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Geoponics

by Lee Pelley

Geoponics

GEOPONICS is a derivative of Land Management.  It involves ways to work within the new environmental restrictions.  It has an anthropocentric (human oriented) focus.

Most of the differences in the GEOPONICS approach to Land Management are pretty simple.  One example:  in planting a stand of trees for future harvest, leaving the branches all the way to the ground on a select few will make the stand more wildlife-friendly, by providing cover.  Such branches can be left on trees well inside the stand, so that the branches will not grow large and make overly knotty wood.  All the rest of the stand can have its branches elevated (trimmed off) to encourage resulting clean logs ("clean" = free of knots.)

Land Management's distinctions from Landscaping

Size

Function      

Geoponics distinction from Land Management

Legal restrictions of land use  (new)

S=Size (SYLVAN)           F=Function  (Forest)                            L=Law (Leef)

The normal way to proceed with managing a piece of land is to take up where your parents left off and continue what they did.  This will not likely work any more.  New environmental rules, greater competition than ever, disease and a thousand other things have changed everything forever.  The environmental rules, harsh as they are, are belated/a patch job on a leaking ship/in many cases, far too late.  It's OUR environment we're talking about--not someone else's.

 Finally, most of them are the LOWEST COMMON DENOMINATOR between extreme views.

 --Has anyone here ever water-skiied?

          Played sports?

          Walked a great distance?  (20 miles or so.)

--It was work, wasn't it?  Sweat, effort, a great deal of time used up for something you were not certain would achieve the results you wanted? 

Work is too often a dirty word.  Why jogging isn't a dirty word is beyond me.

That, also, is Land Management.  And Geoponics.  Major difference is you get to keep the results of what you've done, and the outcome is most likely to be certain and happier.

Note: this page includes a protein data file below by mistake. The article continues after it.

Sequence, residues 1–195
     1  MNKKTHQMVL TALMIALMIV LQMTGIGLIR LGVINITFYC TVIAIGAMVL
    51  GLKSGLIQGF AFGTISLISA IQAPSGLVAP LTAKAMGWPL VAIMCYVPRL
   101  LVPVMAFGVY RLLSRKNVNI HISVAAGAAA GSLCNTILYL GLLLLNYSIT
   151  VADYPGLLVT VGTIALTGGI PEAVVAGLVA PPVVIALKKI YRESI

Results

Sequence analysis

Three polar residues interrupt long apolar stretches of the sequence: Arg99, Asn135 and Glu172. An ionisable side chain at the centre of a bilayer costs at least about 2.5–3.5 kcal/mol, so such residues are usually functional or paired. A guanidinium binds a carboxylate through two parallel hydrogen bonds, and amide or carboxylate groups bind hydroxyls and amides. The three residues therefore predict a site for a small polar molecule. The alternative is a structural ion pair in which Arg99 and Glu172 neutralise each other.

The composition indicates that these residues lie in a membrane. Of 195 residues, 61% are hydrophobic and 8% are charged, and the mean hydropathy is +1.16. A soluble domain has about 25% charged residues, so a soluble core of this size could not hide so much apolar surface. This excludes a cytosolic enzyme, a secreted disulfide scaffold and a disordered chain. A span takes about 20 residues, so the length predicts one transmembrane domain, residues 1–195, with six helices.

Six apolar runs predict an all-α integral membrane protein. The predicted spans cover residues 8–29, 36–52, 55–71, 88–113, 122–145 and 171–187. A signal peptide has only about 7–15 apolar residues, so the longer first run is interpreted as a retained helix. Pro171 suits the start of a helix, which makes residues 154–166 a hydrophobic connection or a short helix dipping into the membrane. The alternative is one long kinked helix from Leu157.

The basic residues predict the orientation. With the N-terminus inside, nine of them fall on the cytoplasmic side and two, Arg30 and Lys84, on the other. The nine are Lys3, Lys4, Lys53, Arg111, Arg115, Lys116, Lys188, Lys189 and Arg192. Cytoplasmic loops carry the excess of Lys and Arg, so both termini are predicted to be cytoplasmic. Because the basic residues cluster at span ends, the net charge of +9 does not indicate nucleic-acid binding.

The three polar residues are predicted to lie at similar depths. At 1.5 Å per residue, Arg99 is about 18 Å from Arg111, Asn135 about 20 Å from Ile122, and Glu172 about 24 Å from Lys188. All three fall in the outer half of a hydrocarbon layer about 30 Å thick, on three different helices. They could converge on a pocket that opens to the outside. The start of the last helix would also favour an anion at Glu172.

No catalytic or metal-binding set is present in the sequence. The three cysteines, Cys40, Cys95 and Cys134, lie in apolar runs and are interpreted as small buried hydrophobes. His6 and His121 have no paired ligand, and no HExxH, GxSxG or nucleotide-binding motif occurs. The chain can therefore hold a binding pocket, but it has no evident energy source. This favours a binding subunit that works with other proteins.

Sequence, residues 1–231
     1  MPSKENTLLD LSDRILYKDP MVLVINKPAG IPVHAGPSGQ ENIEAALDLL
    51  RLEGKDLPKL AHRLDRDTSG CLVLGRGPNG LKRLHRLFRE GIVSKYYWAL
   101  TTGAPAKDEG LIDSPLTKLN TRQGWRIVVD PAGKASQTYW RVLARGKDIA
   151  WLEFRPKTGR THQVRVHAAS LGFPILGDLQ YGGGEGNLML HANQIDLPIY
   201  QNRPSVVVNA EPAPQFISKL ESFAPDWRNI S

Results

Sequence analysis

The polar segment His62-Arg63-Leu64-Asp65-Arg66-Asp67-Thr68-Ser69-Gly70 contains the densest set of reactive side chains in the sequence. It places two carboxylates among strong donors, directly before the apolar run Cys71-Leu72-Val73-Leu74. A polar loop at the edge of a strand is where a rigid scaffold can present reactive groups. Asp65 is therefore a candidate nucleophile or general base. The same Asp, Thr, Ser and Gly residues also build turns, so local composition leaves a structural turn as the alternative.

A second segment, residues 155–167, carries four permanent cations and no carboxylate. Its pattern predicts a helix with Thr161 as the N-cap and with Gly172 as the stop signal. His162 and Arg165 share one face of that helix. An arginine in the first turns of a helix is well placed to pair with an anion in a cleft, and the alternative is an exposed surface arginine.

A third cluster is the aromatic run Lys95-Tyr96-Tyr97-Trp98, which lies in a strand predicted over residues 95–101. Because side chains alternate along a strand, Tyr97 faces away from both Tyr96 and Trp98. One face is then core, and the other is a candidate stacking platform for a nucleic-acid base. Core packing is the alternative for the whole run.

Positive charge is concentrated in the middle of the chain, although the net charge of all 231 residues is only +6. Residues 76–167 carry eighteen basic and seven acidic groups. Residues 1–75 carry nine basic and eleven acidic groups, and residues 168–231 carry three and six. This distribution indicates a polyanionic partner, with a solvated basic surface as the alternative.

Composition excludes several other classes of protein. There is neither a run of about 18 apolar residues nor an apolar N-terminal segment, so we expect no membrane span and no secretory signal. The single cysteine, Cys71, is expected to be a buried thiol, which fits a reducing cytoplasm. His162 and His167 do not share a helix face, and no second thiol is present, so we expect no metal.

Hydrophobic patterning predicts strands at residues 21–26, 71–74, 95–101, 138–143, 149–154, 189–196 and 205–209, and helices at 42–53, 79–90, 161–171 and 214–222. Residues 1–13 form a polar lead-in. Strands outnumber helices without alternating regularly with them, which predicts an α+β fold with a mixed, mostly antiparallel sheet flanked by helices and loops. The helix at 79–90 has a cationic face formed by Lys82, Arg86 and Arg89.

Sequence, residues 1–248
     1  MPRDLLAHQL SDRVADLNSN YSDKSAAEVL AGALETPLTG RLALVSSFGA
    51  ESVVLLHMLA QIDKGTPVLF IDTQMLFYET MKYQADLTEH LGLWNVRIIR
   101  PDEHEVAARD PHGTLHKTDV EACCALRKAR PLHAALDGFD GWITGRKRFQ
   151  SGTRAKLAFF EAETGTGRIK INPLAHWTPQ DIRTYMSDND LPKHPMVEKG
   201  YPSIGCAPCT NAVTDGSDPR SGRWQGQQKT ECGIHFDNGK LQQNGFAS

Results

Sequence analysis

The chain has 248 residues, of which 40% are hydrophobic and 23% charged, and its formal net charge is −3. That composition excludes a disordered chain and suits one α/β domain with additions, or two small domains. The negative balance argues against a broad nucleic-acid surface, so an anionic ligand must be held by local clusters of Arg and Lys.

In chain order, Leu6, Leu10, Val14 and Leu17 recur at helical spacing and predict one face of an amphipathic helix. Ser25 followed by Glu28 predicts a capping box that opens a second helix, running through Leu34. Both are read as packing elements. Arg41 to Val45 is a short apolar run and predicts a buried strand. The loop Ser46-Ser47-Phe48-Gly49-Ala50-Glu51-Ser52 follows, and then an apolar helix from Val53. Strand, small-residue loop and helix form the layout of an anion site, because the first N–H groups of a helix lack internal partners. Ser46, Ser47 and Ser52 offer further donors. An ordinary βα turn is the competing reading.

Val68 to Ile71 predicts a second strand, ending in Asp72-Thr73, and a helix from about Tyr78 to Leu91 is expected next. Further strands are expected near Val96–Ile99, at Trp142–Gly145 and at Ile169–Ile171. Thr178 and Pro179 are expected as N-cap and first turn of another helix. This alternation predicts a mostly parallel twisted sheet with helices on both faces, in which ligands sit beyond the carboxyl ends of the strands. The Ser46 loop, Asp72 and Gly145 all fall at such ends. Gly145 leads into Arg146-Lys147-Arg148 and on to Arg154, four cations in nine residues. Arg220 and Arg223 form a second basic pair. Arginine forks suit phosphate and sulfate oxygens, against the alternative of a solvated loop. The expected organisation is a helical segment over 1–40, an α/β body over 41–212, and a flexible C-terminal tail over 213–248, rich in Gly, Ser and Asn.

Also, poverty and learning to enjoy it.  Freedom

NEW as a vastly over-rated word.

 There are usually AT LEAST two ways to do anything:  you've always a choice between time and money.  Either way involves effort.  (Working for the money, or enjoying the work itself.) 

The Greatness of Oregon

 --population density here is extraordinarily low.

 --Oregon is made up of 96,000 square miles          

 --England is 50,930 square miles

 --population OREGON is only 3,421,399 people    

over the state, this averages to 35.6 people/sq. mile

 --population ENGLAND is 49,138,831 people

 over the entire nation, that is 965 people/square mile

 -- Here, in Douglas County, population is 27.3 per square mile

 --Closer to home, Washington state has roughly half the land mass and TWICE as many people.          

--Meantime, there are at least 6 people available for every job you want.

--Think more. Use the brain muscle more than your back.  Remember, there is always more than one way to do anything.  ALWAYS!!!

 Work smarter, not harder.

 When there is SOME knowledge behind your eyes when you look at ANYTHING, you see far more than the easy-eye.  Life is RICH.  Enjoy the wealth around you.


 SPECIAL THINGS about Oregon

 #1.  You (and I) have the potential to demand the retention of open land.

 #2.  Trees grow faster here (PNW) than anywhere else in the world.  Reasons are complex, having to do with soil pH, soil bacteria, temperature, weather, possibly the newness of the mountains.

          Incidentally, the land itself is formed differently here than east of the Rockies: the land here is basically flat, with recently risen mountains throughout.

 East of here, flats in land come from mountain erosion.  (Totally different)

 #3.  Temperature difference between night and day is the big deal here between winter and summer.  (NY as example: begins snowing in September;  stops in May.)